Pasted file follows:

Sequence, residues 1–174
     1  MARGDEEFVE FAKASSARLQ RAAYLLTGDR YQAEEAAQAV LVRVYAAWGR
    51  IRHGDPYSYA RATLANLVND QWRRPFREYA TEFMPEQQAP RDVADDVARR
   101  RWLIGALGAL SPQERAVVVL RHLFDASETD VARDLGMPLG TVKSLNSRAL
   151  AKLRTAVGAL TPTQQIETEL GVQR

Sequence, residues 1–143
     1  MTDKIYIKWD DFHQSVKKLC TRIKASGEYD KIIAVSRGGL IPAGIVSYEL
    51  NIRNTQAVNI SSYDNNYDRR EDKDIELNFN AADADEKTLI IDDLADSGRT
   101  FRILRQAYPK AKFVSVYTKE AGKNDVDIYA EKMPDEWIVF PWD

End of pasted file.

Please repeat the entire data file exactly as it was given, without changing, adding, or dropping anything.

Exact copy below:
Sequence, residues 1–174
     1  MARGDEEFVE FAKASSARLQ RAAYLLTGDR YQAEEAAQAV LVRVYAAWGR
    51  IRHGDPYSYA RATLANLVND QWRRPFREYA TEFMPEQQAP RDVADDVARR
   101  RWLIGALGAL SPQERAVVVL RHLFDASETD VARDLGMPLG TVKSLNSRAL
   151  AKLRTAVGAL TPTQQIETEL GVQR

Sequence, residues 1–143
     1  MTDKIYIKWD DFHQSVKKLC TRIKASGEYD KIIAVSRGGL IPAGIVSYEL
    51  NIRNTQAVNI SSYDNNYDRR EDKDIELNFN AADADEKTLI IDDLADSGRT
   101  FRILRQAYPK AKFVSVYTKE AGKNDVDIYA EKMPDEWIVF PWD